The Finborough’s tiny stage has to accommodate nearly twenty performers. Director-choreographer Stewart Nicholls has his work cut out trying to avoid the piece becoming too busy. However, the performers take it in their stride and manage to convey that they believe every silly word of it. There are some terrific performances to witness and marvellous voices to hear. Charlotte Baptie as Geraldine has a true heroine’s voice with a touch of a velvet glove; Ruth Betteridge as Molly makes a powerful contribution that could set bells ringing; Josh Little as Jack is a fine tenor with a nice line in insouciant humour; Jane Quinn as the reporter Ivy does well in ‘Daily Echo’ and ‘Holiday island’; Joanna Munro as the veteran Miss Catamole, who was crowned May Queen in 1927, brings a touch of nostalgia to ‘We’re holding hands’ with Ted Merwood as Potter; and Daniel Cane, looking not unlike Benedict Cumberbatch, evinces a fine comic spirit as Albert, the nephew of the Lord of the Manor. Richard Gibson as the latter is excellent as the rather shambolic head of the island, demonstrating his comic abilities and a fine singing voice in ‘Let the grass grow’ and ‘The boat’s in’. James Church does brilliantly as the piano accompanist.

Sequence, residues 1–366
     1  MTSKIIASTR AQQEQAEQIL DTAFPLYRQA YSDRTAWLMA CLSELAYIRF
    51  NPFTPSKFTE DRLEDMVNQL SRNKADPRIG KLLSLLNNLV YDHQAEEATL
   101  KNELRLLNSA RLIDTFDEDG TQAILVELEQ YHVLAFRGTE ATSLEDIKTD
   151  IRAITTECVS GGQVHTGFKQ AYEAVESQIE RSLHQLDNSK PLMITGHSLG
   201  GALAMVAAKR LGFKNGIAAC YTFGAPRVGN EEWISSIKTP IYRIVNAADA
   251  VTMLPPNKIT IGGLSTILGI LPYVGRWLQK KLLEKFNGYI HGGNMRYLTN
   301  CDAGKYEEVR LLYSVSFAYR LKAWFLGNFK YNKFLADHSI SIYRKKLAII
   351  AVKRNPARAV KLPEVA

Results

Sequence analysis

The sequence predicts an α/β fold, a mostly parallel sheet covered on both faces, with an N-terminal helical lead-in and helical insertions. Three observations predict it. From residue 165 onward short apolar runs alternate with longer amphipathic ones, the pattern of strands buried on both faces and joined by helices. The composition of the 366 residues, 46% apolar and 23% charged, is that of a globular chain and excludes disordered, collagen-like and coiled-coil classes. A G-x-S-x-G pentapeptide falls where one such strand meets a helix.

It’s always good to catch up with rarities such as this. One can only be grateful to Neil McPherson (Finborough Theatre) for reviving these forgotten British musicals. If he didn’t, then nobody else would.
- Free as Air is at the Finborough Theatre, 118 Finborough Road, London SW10 on 12-14 & 19-21 October 2014: Sunday & Monday 7.30 p.m., Tuesday 2 p.m.
- Tickets on 0844 847 1652